By Jenna Myers
Cory Sandrock’s finance class experienced a real-world example of the power of networking when Sandrock invited three of his former colleagues from the business world and the theatre world to speak to the class about finding capital to support a new business.
Panel members included John Stoops, founder and executive director of Three Oaks Theatre Festival, David Neilson, a managing director at Talmer Bank and Trust, and a director at Bank of America Merrill Lynch who works with large non-profit organizations. The panelists conversed with MSLCE students and provided real-world advice on the students’ business plans and ideas.
These plans comprise the final project for the finance class and also give students a chance to think through some of their real ideas for ventures after they graduate. Despite the fact that the panel included two bankers, the overwhelming advice was to forgo bank loans and to instead pursue creative ways to get free money. The panelists worked to dispel the myth that entrepreneurs who want money should head to the bank. Stoops, an entrepreneur himself, said, “Loans just terrify me.” He advised students that the best source of funds for non-profits is their future customers, whoever those might be. One example was a new theatre that might consider pre-selling corporate entertainment packages to get funds upfront. “Now you don’t have a loan, but you’ve actually validated your concept [by having customers]”, he said.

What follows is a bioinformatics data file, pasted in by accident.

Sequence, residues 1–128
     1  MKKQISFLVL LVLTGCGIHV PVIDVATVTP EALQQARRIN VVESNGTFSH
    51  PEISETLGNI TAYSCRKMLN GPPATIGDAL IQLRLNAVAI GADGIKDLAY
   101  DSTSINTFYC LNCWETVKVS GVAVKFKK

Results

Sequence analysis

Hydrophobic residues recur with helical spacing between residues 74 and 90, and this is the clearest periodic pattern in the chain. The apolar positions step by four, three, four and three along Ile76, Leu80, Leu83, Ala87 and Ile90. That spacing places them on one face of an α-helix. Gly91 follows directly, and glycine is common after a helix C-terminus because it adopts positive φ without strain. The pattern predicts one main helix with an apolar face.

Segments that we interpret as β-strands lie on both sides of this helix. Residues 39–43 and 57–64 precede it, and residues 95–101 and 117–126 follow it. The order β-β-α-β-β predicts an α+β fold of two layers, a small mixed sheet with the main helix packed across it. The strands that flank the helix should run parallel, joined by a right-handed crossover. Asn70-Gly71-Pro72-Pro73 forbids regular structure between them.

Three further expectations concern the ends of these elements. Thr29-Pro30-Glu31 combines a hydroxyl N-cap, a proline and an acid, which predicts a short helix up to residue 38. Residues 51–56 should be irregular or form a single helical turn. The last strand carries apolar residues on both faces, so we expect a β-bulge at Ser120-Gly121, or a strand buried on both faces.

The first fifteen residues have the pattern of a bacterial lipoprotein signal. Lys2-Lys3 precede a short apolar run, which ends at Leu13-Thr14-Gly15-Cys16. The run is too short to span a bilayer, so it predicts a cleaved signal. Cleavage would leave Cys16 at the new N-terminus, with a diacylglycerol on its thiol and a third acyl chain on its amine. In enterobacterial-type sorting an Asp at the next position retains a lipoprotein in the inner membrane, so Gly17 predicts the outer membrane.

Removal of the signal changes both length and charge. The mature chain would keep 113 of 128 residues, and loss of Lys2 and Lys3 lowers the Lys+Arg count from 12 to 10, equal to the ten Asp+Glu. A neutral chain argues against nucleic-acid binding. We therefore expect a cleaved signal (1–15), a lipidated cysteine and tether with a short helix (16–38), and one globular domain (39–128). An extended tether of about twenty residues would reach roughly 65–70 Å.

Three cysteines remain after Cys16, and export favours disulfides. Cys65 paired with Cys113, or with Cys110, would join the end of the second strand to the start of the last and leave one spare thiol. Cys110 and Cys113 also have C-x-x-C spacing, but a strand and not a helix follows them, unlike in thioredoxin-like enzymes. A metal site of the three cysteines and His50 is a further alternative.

Another panelist added, “Trade your services for what you need that might not necessarily be money. . . What do I have that I can offer? What am I trying to build? Is there a way to partner with some other organization?” For example, an MSLCE student who is interested in starting a company that offers branding and media production services might begin by partnering with an amateur photographer or videographer to share idle equipment rather than purchasing her own upfront. The panelists’ advice was candid and direct, speaking to their years of experiences observing many unsuccessful new ventures. The take-home message? “Passion is incredibly important, but follow where the dollars are.”